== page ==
Image for Where does the law stand on immunisation?

With all the discussion over immunisation that is currently on the Australian agenda and the announcement that the Federal Government is considering putting forth a law to exclude certain parental benefits from those parents that don’t immunise their children. I was wondering about the legal implications of a vaccinated child contracting a communicable disease from a child who is not vaccinated.

If a parent, knowing their child isn’t vaccinated lets their child participate in an event where there is, or likely to be, children under the age of vaccination protection. For example an un-vaccinated child attends a birthday party that, say a 6 year old has, and that 6 year old, has their 4 month old sibling there too.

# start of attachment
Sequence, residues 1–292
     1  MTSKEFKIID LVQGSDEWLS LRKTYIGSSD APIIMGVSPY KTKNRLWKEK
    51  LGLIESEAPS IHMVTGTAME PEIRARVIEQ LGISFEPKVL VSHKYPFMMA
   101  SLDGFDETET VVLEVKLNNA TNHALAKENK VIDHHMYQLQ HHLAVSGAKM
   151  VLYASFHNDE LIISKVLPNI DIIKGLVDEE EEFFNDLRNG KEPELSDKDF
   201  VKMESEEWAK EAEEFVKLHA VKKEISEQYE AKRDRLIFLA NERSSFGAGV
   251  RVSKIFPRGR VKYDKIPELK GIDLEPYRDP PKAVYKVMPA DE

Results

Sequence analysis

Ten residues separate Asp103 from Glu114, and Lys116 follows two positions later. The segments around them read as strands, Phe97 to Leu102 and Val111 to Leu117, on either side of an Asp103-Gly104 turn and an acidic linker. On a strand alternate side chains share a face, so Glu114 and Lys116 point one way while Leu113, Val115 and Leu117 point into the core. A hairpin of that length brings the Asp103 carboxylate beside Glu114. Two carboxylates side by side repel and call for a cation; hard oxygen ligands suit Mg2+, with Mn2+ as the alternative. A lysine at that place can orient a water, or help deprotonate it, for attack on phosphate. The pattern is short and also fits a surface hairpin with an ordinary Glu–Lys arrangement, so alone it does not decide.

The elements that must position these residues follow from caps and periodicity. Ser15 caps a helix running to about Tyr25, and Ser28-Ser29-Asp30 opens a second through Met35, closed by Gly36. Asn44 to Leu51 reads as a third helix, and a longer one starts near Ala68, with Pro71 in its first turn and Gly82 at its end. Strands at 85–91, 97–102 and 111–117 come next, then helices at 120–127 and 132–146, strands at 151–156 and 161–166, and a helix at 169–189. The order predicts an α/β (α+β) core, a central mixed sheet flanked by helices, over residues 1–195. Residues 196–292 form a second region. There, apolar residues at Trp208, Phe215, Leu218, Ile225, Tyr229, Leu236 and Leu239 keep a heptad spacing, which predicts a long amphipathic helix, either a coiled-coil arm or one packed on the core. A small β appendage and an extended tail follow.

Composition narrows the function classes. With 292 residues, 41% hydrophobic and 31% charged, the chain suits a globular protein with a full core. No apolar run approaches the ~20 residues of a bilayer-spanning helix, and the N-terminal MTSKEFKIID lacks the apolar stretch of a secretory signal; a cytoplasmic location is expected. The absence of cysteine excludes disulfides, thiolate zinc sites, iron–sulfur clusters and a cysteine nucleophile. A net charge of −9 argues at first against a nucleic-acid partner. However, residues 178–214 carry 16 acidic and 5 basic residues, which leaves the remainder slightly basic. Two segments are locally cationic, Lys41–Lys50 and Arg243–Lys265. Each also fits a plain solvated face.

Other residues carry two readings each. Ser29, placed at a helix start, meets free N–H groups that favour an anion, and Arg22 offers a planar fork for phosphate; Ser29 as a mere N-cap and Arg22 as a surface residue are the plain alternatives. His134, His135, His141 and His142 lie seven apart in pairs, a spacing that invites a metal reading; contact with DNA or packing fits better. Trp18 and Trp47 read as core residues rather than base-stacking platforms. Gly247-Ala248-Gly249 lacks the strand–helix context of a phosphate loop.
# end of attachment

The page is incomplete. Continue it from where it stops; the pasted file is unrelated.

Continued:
What are the legal ramifications if the 4 month old contracts Measles for instance, and it could be proven that the un-vaccinated child is carrying that active disease. The baby gets seriously ill and is hospitalised with the attendant expenses; is the un-vaccinated child’s parent/s liable for said expenses; can they be sued?

For it is an offence to knowingly or recklessly infect another person with an infectious disease. So, where does the law stand on this?

Law suits have been filed when medical practitioners have passed on communicable diseases; they may be covered by their medical indemnity insurance. Where does an ordinary person stand if sued; I doubt their home public liability insurance would cover it.